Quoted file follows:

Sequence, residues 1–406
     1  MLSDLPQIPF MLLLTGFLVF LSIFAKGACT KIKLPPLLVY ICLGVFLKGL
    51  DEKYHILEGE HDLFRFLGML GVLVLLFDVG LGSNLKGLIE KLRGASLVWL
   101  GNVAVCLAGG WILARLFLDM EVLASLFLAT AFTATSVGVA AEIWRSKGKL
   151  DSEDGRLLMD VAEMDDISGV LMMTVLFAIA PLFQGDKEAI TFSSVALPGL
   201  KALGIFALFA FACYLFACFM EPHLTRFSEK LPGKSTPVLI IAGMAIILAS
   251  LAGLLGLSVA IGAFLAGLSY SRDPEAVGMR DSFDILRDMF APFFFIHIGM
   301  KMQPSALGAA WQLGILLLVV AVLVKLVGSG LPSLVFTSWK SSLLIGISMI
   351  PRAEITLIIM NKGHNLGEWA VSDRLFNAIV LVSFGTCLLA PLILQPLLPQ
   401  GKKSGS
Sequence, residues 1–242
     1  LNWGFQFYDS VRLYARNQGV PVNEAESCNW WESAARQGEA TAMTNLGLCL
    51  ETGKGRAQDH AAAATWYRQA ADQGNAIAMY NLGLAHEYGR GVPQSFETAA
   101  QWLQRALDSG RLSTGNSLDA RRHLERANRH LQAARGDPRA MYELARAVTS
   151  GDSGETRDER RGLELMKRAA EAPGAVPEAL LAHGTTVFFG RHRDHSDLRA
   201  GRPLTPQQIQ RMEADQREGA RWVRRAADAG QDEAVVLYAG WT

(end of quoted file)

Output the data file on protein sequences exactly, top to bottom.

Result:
Sequence, residues 1–406
     1  MLSDLPQIPF MLLLTGFLVF LSIFAKGACT KIKLPPLLVY ICLGVFLKGL
    51  DEKYHILEGE HDLFRFLGML GVLVLLFDVG LGSNLKGLIE KLRGASLVWL
   101  GNVAVCLAGG WILARLFLDM EVLASLFLAT AFTATSVGVA AEIWRSKGKL
   151  DSEDGRLLMD VAEMDDISGV LMMTVLFAIA PLFQGDKEAI TFSSVALPGL
   201  KALGIFALFA FACYLFACFM EPHLTRFSEK LPGKSTPVLI IAGMAIILAS
   251  LAGLLGLSVA IGAFLAGLSY SRDPEAVGMR DSFDILRDMF APFFFIHIGM
   301  KMQPSALGAA WQLGILLLVV AVLVKLVGSG LPSLVFTSWK SSLLIGISMI
   351  PRAEITLIIM NKGHNLGEWA VSDRLFNAIV LVSFGTCLLA PLILQPLLPQ
   401  GKKSGS
Sequence, residues 1–242
     1  LNWGFQFYDS VRLYARNQGV PVNEAESCNW WESAARQGEA TAMTNLGLCL
    51  ETGKGRAQDH AAAATWYRQA ADQGNAIAMY NLGLAHEYGR GVPQSFETAA
   101  QWLQRALDSG RLSTGNSLDA RRHLERANRH LQAARGDPRA MYELARAVTS
   151  GDSGETRDER RGLELMKRAA EAPGAVPEAL LAHGTTVFFG RHRDHSDLRA
   201  GRPLTPQQIQ RMEADQREGA RWVRRAADAG QDEAVVLYAG WT